Loyal members—the Holy Grail for CU marketers—drive profitability.
July 29, 2013
Some credit unions use the Net Promoter ® model—a tool Satmetrix developed for loyalty assessment. The Net Promoter approach is quite simple. It asks members one question: How likely would you be to recommend your credit union (or bank) to friends, family members, or co-workers?
Respondents indicate their position on a scale from 0 (not at all likely) to 10 (extremely likely). Based on their scores, they’re categorized as:
►Promoters score a 9 or 10. They’re loyal enthusiasts who’ll continue to fuel growth by referring others and actively using credit union products and services.
►Passives score a 7 or 8. They’re satisfied but unenthusiastic members who are vulnerable to attractive offers from your competitors.
►Detractors score from 0 to 6. They’re indifferent or dissatisfied members who can damage your credit union’s brand and impede growth through negative word of mouth.
To derive the Net Promoter Score, subtract the percentage of detractors from the percentage of promoters.
Credit unions, collectively, have a relatively high Net Promoter Score (“CU Net Promoter Scores”). More than half (57%) of members are “promoters” and would be “extremely likely” to recommend their credit unions to others. But 19% of members are “detractors.” That results in a Net Promoter Score of 38% (57% minus 19%), up significantly from 23% in 2009.
Banks, on the other hand, have a Net Promoter Score of only 8% (39% promoters minus 31% detractors).
Three-factor loyalty model
While some credit unions rely exclusively on the Net Promoter Score to gauge loyalty levels, many others want a more thorough measurement than a single question, which is why CUNA offers its three-factor model for measuring loyalty.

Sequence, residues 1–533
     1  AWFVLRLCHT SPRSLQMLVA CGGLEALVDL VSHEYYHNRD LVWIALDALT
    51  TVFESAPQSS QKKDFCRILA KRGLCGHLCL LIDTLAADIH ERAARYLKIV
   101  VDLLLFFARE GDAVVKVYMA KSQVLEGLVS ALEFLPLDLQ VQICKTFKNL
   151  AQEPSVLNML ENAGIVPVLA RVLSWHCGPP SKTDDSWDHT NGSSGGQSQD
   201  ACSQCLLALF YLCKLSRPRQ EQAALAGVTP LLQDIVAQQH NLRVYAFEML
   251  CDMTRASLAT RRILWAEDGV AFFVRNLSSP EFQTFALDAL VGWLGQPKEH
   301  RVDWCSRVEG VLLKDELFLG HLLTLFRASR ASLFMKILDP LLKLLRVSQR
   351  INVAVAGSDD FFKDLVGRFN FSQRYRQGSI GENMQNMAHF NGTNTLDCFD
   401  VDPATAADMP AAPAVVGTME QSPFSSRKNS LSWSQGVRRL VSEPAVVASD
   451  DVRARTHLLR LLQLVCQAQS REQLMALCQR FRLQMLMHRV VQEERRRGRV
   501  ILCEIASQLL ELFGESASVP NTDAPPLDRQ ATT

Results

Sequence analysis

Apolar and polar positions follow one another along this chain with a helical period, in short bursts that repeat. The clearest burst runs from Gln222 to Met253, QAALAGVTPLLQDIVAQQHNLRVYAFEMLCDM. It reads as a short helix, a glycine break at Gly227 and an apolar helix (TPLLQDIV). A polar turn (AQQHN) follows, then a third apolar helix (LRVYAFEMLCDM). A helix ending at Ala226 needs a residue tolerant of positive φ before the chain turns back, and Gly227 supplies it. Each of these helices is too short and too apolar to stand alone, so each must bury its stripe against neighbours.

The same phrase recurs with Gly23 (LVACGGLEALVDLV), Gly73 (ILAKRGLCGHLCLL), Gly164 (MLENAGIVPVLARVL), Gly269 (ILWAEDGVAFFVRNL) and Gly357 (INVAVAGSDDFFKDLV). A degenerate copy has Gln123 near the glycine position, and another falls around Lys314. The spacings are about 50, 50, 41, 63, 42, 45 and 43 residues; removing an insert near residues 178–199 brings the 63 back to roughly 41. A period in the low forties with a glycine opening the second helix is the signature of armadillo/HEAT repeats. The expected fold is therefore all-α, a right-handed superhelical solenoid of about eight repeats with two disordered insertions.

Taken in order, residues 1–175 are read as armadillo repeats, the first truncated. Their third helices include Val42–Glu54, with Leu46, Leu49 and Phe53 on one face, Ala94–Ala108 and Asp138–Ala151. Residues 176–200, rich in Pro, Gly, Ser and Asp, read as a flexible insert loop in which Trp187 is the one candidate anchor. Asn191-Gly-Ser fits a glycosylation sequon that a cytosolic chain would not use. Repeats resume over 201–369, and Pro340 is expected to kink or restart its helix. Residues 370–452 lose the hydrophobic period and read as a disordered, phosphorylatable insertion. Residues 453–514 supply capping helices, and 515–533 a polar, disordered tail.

Haller believes credit unions’ reliance on the Net Promoter Score might have peaked a few years ago, and has since “lost its steam.”
He notes the vast majority of his member survey clients opt for CUNA’s approach, when given both options.
Members who are “highly loyal” in CUNA’s model meet all three of the following criteria:
1. They say their credit union is their primary financial institution (PFI);
2. They’re extremely likely to recommend their credit union to others; and
3. They definitely would contact their credit union the next time they need a financial product or service.
As might be expected, these more rigorous criteria yield lower loyalty levels. Or, as Haller puts it, “if you raise the bar, fewer members will be able to clear it.” Only 25% of members are highly loyal to their credit unions using this three-factor model, compared with the 38% of members who qualify as Net Promoters.
Members who are highly loyal, according to CUNA’s model, are much more likely than less loyal members to have and use credit union checking accounts and loan products, and to bring more of their loan dollars to the credit union. And credit unions have a much larger share of highly loyal members’ online and mobile banking activity.
“In this respect, the CUNA model offers more reliable behavior predictors than does the Net Promoter Score,” the cultivating member loyalty. Member loyalty, for the most loyal of a credit union’s members, translates directly into wallet share and profitability.”